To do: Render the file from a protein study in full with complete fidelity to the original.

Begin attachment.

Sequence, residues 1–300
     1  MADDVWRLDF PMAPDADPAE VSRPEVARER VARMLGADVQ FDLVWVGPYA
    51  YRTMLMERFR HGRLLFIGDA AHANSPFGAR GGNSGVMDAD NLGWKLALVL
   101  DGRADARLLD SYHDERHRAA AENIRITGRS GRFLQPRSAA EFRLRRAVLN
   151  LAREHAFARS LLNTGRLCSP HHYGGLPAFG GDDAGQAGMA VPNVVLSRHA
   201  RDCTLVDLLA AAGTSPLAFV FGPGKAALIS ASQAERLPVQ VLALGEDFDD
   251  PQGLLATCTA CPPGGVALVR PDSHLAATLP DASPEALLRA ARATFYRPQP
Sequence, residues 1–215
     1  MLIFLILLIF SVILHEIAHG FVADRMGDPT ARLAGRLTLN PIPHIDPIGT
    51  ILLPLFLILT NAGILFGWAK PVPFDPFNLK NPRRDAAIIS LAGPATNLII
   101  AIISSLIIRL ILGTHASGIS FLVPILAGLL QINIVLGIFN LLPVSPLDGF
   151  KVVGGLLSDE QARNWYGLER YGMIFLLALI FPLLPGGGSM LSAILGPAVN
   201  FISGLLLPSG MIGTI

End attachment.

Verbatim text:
Sequence, residues 1–300
     1  MADDVWRLDF PMAPDADPAE VSRPEVARER VARMLGADVQ FDLVWVGPYA
    51  YRTMLMERFR HGRLLFIGDA AHANSPFGAR GGNSGVMDAD NLGWKLALVL
   101  DGRADARLLD SYHDERHRAA AENIRITGRS GRFLQPRSAA EFRLRRAVLN
   151  LAREHAFARS LLNTGRLCSP HHYGGLPAFG GDDAGQAGMA VPNVVLSRHA
   201  RDCTLVDLLA AAGTSPLAFV FGPGKAALIS ASQAERLPVQ VLALGEDFDD
   251  PQGLLATCTA CPPGGVALVR PDSHLAATLP DASPEALLRA ARATFYRPQP
Sequence, residues 1–215
     1  MLIFLILLIF SVILHEIAHG FVADRMGDPT ARLAGRLTLN PIPHIDPIGT
    51  ILLPLFLILT NAGILFGWAK PVPFDPFNLK NPRRDAAIIS LAGPATNLII
   101  AIISSLIIRL ILGTHASGIS FLVPILAGLL QINIVLGIFN LLPVSPLDGF
   151  KVVGGLLSDE QARNWYGLER YGMIFLLALI FPLLPGGGSM LSAILGPAVN
   201  FISGLLLPSG MIGTI